Josh Philpot

Theology, the Church, and Music

Counterfeit Gospels—Trevin Wax

leave a comment »

A couple of months ago I put my name into this site, and then I received a copy of this book from the publisher for the purpose of this short review. I was please to see that the book I received was by Trevin Wax, Counterfeit Gospels (Moody, 2011). I’ve always enjoyed Trevin’s blog, and I’ve had the opportunity to speak with him a couple of times. He’s a great guy and I’m thankful for the work he is doing for the church at Lifeway.

I was skeptical about Counterfeit Gospels at first, mainly because so many books on the gospel have been printed recently and I didn’t think that we needed another. But I really enjoyed this one in particular. Trevin’s writing style is engaging and personal. Many of his stories and illustrations I can relate to, which kept me reading. The book is broken up into three parts: (1) Story, (2) Announcement, and (3) Community. These three parts form the backbone of the biblical gospel. There is a story that culminates in Jesus (his life, death, and resurrection), an announcement that all people should repent and believe, and a community that gospel believers should be a part of—the church. Trevin frequently refers to this as a three-legged stool: the gospel story provides the context for the gospel announcement, which then births the gospel community. The best way to do evangelism, Trevin says, is to emphasize all three.

Within each part Trevin highlights two “counterfeits” that subvert the gospel. For part 1 there is the therapeutic and judgmentless gospels, each offering a counterfeit story/announcement/community. In part 2 Trevin mentions the moralistic and quietistic gospel counterfeits, and in part 3 the activist and churchless counterfeits. I won’t explain them here, but Trevin provides a helpful chart on pg. 210. All of the counterfeits are false gospels that ensnare the church. Thus the purpose of the book is to articulate the true gospel and to show how attempts to change it ultimately fall flat.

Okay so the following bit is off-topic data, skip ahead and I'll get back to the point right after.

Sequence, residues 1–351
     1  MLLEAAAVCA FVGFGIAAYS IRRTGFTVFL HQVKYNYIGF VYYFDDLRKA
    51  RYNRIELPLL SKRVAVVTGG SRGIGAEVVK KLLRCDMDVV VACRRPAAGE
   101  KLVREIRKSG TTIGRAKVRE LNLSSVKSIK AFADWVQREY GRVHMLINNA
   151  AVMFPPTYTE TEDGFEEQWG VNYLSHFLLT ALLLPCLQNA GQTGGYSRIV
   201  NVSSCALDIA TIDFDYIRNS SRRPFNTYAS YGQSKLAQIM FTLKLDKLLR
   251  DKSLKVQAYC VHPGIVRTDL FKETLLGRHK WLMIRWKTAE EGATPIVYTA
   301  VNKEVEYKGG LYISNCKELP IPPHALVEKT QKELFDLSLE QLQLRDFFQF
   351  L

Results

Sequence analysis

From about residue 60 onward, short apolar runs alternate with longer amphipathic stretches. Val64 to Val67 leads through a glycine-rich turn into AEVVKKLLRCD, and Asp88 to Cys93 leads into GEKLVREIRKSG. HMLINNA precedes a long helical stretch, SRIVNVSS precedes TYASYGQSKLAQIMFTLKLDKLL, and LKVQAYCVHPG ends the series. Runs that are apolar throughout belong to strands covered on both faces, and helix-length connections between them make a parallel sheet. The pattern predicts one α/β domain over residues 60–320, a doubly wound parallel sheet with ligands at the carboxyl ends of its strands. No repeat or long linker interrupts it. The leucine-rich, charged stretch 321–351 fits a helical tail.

The implications of the gospel are far-reaching, so the church must get it right. Every generation will need to understand the biblical gospel and apply it to appropriate contexts. Trevin Wax has given us a great little aid for doing that in this generation, and I’m glad I had the opportunity to read Counterfeit Gospels and recommend it to others.

Advertisements

Written by Josh Philpot

June 19, 2012 at 2:52 pm

Posted in Book Reviews, Books, Gospel

Leave a Reply

Fill in your details below or click an icon to log in:

WordPress.com Logo

You are commenting using your WordPress.com account. Log Out / Change )

Twitter picture

You are commenting using your Twitter account. Log Out / Change )

Facebook photo

You are commenting using your Facebook account. Log Out / Change )

Google+ photo

You are commenting using your Google+ account. Log Out / Change )

Connecting to %s

%d bloggers like this: